Arjuna is advised to act upon the ideas presented to him, and to fight regardless of both possible victory or defeat, for if he abstains he will incur everlasting dishonour. Krishna's conception of duty here, is that which has been always held up as the highest before soldiers, and is quite consistent with the loftiest moral teaching. For however much some of us may condemn war from the point of human evolution we have now reached, yet it must be remembered that a majority of so-called civilized nations have not attained this height, and until they have done so, war appears inevitable as a state, through the sufferings of which the human race will finally appreciate the blessings of peace and harmony. Having thus advised Arjuna, according to the ancient Sankhya philosophy, Krishna says: "Now hear that relating to the Yoga or practical devotional. In this path to final emancipation even a little of this form of piety protects one from great danger". Piety or knowledge here means real spiritual intuition, and not acquirements of intellect, whilst deliverance from great danger may be understood to refer to conditioned existence, or reincarnation in a physical body. Krishna then goes on to say that the unwise prefer the transient enjoyments of that state known in Esoteric Philosophy as Devachan, or the period of bliss between two human incarnations. In other words such people make good Karma only, and therefore continue to be reborn on earth. "Do you, Arjuna, rise above those effects of the three qualities and be free from the pairs of opposites".[Meaning heat and cold, pain and pleasure, and so forth.] Krishna here compares the Vedas to a reservoir providing water for various special purposes, and therefore not pointing out the highest path.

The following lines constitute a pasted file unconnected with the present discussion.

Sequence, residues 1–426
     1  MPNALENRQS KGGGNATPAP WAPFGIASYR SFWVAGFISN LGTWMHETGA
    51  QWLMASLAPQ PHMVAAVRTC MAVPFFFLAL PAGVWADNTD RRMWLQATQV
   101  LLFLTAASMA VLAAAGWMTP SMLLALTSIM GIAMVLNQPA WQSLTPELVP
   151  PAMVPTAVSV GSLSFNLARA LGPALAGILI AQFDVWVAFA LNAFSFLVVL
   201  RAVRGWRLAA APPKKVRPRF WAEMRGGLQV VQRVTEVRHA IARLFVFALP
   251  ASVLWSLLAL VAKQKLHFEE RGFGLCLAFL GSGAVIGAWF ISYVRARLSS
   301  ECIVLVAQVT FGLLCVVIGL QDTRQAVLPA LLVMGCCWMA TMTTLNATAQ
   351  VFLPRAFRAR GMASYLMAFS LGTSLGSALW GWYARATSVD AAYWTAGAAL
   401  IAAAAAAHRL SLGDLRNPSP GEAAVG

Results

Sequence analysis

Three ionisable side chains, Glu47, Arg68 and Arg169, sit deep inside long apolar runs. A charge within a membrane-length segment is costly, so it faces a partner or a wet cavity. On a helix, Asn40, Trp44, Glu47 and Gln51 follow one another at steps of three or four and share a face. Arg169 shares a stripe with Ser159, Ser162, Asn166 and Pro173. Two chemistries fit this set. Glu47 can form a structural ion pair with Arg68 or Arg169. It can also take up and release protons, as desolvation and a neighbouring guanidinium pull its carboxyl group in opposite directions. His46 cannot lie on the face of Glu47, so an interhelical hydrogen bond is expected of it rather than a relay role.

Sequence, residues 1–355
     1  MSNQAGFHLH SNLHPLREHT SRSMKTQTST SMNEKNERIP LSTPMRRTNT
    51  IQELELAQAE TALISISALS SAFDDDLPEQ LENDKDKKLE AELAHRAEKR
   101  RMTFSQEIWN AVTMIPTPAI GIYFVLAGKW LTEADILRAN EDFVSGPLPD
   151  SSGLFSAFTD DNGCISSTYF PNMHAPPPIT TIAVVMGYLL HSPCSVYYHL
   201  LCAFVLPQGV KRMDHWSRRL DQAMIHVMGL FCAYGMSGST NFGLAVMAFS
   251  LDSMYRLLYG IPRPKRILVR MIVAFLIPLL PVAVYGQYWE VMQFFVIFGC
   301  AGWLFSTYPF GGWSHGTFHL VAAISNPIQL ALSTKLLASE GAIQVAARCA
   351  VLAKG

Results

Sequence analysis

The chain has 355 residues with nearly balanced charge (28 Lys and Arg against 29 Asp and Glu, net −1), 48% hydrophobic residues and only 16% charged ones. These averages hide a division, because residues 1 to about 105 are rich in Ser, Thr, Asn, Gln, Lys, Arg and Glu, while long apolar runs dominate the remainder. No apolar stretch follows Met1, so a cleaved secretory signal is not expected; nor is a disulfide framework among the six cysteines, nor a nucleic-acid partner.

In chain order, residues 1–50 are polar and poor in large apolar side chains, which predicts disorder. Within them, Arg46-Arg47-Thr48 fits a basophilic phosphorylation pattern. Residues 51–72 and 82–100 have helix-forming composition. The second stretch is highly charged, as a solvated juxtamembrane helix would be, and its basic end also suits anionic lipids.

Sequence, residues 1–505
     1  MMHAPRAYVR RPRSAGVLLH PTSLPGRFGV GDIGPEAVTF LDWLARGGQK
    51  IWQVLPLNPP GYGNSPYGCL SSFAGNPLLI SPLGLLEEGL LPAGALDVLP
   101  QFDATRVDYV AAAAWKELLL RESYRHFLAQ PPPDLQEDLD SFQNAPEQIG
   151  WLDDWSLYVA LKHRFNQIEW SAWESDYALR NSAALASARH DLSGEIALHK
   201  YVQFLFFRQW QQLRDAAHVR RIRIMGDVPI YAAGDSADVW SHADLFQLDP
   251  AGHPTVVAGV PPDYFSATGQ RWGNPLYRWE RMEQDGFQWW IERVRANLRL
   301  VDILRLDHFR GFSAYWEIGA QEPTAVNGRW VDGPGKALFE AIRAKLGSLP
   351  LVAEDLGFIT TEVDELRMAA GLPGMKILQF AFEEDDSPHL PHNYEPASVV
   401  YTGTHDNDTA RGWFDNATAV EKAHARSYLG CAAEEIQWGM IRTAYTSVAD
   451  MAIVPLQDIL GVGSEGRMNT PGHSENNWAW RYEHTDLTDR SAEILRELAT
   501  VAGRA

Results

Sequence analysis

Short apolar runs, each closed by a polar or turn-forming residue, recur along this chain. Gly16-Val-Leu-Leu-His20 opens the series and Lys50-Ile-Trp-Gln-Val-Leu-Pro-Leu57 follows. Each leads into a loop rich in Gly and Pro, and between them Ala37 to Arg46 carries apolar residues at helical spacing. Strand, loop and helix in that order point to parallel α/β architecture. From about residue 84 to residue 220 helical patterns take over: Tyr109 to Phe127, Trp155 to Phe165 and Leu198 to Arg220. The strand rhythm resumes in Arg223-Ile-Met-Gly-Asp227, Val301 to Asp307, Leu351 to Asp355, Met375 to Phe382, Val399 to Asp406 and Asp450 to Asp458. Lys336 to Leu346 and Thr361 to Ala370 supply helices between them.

Arjuna then enquires what are the characteristics of a truly wise man, and Krishna replies: "He whose heart is not agitated in the midst of calamities, who has no longing for pleasures, and from whom the feelings of affection, fear and wrath have departed, is called a sage. His mind is steady, who, being without attachments anywhere, feels no exultation and no aversion on encountering the various agreeable and disagreeable things of this world". As Krishna repeats this teaching in a later chapter, we need not deal with it now. He then proceeds: " The man who ponders over objects of sense forms an attachment to them; from that attachment is produced desire ; and from desire anger is produced ". This means that from opposition to desire anger arises, and the further statement is made that spiritual matters are dark as night to ordinary men whilst they are wise in worldly pursuits. In the case of sages the position is reversed. [Page 8] Also those whose desires enter their minds as fresh waters enter without affecting the sea, have obtained mental peace.